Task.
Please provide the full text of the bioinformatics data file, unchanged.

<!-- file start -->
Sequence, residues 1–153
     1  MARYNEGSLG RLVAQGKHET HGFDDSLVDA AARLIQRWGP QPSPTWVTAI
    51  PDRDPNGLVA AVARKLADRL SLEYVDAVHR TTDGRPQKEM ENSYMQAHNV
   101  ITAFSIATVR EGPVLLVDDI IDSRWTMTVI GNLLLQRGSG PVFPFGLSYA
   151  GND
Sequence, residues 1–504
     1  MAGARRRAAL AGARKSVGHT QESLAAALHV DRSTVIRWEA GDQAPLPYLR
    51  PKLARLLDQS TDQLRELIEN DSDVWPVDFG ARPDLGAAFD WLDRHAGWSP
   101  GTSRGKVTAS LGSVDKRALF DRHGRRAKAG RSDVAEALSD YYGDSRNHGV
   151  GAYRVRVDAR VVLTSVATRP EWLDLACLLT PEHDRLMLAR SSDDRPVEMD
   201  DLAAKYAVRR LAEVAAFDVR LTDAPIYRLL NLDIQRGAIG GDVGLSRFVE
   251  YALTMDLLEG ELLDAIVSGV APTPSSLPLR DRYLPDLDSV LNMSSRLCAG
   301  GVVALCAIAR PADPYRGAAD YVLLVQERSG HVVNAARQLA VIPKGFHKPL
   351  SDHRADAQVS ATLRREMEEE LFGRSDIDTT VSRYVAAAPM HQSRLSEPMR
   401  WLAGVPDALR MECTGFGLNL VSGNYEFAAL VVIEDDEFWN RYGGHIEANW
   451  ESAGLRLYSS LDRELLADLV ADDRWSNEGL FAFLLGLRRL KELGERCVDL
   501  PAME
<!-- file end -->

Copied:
Sequence, residues 1–153
     1  MARYNEGSLG RLVAQGKHET HGFDDSLVDA AARLIQRWGP QPSPTWVTAI
    51  PDRDPNGLVA AVARKLADRL SLEYVDAVHR TTDGRPQKEM ENSYMQAHNV
   101  ITAFSIATVR EGPVLLVDDI IDSRWTMTVI GNLLLQRGSG PVFPFGLSYA
   151  GND
Sequence, residues 1–504
     1  MAGARRRAAL AGARKSVGHT QESLAAALHV DRSTVIRWEA GDQAPLPYLR
    51  PKLARLLDQS TDQLRELIEN DSDVWPVDFG ARPDLGAAFD WLDRHAGWSP
   101  GTSRGKVTAS LGSVDKRALF DRHGRRAKAG RSDVAEALSD YYGDSRNHGV
   151  GAYRVRVDAR VVLTSVATRP EWLDLACLLT PEHDRLMLAR SSDDRPVEMD
   201  DLAAKYAVRR LAEVAAFDVR LTDAPIYRLL NLDIQRGAIG GDVGLSRFVE
   251  YALTMDLLEG ELLDAIVSGV APTPSSLPLR DRYLPDLDSV LNMSSRLCAG
   301  GVVALCAIAR PADPYRGAAD YVLLVQERSG HVVNAARQLA VIPKGFHKPL
   351  SDHRADAQVS ATLRREMEEE LFGRSDIDTT VSRYVAAAPM HQSRLSEPMR
   401  WLAGVPDALR MECTGFGLNL VSGNYEFAAL VVIEDDEFWN RYGGHIEANW
   451  ESAGLRLYSS LDRELLADLV ADDRWSNEGL FAFLLGLRRL KELGERCVDL
   501  PAME